• 3

        Thank you for sharing your personal experience as well. Note to self: have shoes and coat ready for quick evacuation so I’m not out there in my underwear.

        I’m also going to look into having a first aid kit and how to use everything in there, thanks for that.


    • 5

      I finished my undergraduate degree at Cornell University in December 2020 and just moved to start my PhD program. In no particular order prepping in college for me looked like:

      1. Having my own vehicle so I never had to rely on anyone else for a way to get supplies like groceries or for a way to get home for a significant emergency event. It can be expensive to have a vehicle as an undergraduate with regular maintenance and gas but it was so worth it to me for peace of mind, and when everyone at my university was given two weeks to get off campus in March 2020 due to the pandemic it took me less than 48 hours to take a calculus exam I had already scheduled, pack everything I owned, tie up loose ends with my biomedical research in my lab and head home to my parents farm where I stayed to do the rest of the semester online. A true bug out situation, as there was no option to stay on campus, nor was it safe to do so. If you can’t for any reason have a car, then become REALLY good friends with a few people who do have them. Also, I always parked my vehicle facing out of a parking space (good for leaving quickly and dealing with inclement weather) and I always had a full tank of gas in it when I parked. It’s also nice to park under lighting if you aren’t familiar with the area.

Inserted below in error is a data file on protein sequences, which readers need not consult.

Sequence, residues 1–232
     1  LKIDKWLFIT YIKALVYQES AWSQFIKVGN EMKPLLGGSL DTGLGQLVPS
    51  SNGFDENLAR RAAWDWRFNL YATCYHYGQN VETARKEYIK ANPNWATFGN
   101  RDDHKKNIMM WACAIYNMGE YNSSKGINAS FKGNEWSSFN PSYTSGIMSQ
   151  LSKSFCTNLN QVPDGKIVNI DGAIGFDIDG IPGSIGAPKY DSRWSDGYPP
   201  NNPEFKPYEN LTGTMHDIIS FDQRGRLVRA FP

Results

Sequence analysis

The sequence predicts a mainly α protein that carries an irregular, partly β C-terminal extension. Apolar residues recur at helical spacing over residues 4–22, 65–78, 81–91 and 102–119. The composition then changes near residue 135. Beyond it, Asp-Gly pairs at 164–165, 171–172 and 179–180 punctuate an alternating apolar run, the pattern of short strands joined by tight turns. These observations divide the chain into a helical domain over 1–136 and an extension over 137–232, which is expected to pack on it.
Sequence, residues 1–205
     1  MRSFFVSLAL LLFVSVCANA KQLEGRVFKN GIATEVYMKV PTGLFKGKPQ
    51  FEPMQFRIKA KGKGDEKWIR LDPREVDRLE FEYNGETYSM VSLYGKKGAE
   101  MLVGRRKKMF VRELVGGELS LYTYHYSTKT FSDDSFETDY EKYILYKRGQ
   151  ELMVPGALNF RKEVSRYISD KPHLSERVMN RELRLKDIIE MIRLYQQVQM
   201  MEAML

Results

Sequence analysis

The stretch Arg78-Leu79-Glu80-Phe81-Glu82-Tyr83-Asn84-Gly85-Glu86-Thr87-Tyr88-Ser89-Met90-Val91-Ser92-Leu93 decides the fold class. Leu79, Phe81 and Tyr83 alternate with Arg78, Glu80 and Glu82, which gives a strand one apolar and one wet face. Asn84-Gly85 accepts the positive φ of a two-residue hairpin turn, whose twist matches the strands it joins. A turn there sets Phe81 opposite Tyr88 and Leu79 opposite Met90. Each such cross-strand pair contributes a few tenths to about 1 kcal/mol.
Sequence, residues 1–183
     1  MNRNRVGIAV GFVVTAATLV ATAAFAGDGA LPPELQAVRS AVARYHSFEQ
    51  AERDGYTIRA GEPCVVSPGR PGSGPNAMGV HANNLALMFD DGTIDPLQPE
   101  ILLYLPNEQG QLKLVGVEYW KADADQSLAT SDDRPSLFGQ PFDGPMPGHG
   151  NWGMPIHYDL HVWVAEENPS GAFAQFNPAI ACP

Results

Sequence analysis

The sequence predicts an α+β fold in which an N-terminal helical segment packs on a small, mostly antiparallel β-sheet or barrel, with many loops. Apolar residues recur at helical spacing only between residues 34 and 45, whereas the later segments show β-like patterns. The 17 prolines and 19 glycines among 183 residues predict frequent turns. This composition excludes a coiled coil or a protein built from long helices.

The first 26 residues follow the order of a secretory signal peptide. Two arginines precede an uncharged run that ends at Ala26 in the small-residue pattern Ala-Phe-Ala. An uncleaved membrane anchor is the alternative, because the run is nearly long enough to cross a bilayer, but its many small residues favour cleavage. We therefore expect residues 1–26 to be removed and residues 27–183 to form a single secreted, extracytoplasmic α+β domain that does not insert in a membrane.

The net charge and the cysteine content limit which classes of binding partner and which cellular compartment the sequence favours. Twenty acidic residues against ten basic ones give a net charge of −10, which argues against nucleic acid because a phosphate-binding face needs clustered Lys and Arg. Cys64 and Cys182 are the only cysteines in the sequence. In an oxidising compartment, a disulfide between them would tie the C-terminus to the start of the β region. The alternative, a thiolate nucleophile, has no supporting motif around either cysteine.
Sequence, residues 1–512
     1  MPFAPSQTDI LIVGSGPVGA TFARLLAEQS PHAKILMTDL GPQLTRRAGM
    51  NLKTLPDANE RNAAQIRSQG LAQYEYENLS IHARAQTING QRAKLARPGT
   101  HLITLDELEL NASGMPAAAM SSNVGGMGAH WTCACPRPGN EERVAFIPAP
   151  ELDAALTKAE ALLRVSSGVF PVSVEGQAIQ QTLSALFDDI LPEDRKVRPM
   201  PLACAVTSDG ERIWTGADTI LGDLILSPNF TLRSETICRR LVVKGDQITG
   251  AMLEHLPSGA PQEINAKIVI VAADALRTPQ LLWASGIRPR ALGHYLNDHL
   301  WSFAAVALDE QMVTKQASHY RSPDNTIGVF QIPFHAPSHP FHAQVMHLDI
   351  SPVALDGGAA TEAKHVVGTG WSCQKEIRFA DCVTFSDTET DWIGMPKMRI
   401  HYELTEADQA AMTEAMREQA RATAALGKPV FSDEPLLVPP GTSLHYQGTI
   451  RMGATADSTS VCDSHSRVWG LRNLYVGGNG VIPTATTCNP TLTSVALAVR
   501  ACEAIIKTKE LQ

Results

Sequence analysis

2. Have a go-bag. I started with a go-bag (instead of the prepared home that most preppers start with before moving to a go-bag) because as an undergraduate I was constantly moving: in and out of dorms, campus to home and back again for college breaks, study abroad etc. In these situations having a go bag with basic essentials served me better than trying to keep lots of items in a dorm room where space is a premium and I would have had to haul them back and forth and up and down the stairs.

      3. I always kept a stock of water in my dorm room just in case and I often had at least some of the foods mentioned by others in the comments just in case. That being said I never had an issue with the dining halls or my meal plan at my undergraduate institution.